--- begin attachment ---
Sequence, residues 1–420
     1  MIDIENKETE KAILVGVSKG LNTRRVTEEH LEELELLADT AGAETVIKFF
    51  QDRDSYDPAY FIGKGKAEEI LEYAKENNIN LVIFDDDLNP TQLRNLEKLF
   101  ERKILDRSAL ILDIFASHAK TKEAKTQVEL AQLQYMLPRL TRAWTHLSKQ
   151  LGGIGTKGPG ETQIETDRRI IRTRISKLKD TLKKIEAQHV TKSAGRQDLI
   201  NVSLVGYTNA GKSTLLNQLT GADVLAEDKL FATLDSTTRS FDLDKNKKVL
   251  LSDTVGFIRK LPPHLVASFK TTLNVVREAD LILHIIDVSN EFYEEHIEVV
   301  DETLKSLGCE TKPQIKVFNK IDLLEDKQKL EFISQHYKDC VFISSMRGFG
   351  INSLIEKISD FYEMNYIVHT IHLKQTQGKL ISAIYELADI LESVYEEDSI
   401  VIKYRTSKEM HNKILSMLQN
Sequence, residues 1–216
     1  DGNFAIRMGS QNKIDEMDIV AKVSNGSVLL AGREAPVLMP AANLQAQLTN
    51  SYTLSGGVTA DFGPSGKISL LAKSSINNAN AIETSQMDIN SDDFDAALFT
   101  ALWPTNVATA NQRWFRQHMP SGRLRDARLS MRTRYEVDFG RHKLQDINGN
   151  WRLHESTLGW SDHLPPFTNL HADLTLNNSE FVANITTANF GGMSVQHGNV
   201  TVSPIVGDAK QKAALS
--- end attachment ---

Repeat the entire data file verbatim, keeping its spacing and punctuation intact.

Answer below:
Sequence, residues 1–420
     1  MIDIENKETE KAILVGVSKG LNTRRVTEEH LEELELLADT AGAETVIKFF
    51  QDRDSYDPAY FIGKGKAEEI LEYAKENNIN LVIFDDDLNP TQLRNLEKLF
   101  ERKILDRSAL ILDIFASHAK TKEAKTQVEL AQLQYMLPRL TRAWTHLSKQ
   151  LGGIGTKGPG ETQIETDRRI IRTRISKLKD TLKKIEAQHV TKSAGRQDLI
   201  NVSLVGYTNA GKSTLLNQLT GADVLAEDKL FATLDSTTRS FDLDKNKKVL
   251  LSDTVGFIRK LPPHLVASFK TTLNVVREAD LILHIIDVSN EFYEEHIEVV
   301  DETLKSLGCE TKPQIKVFNK IDLLEDKQKL EFISQHYKDC VFISSMRGFG
   351  INSLIEKISD FYEMNYIVHT IHLKQTQGKL ISAIYELADI LESVYEEDSI
   401  VIKYRTSKEM HNKILSMLQN
Sequence, residues 1–216
     1  DGNFAIRMGS QNKIDEMDIV AKVSNGSVLL AGREAPVLMP AANLQAQLTN
    51  SYTLSGGVTA DFGPSGKISL LAKSSINNAN AIETSQMDIN SDDFDAALFT
   101  ALWPTNVATA NQRWFRQHMP SGRLRDARLS MRTRYEVDFG RHKLQDINGN
   151  WRLHESTLGW SDHLPPFTNL HADLTLNNSE FVANITTANF GGMSVQHGNV
   201  TVSPIVGDAK QKAALS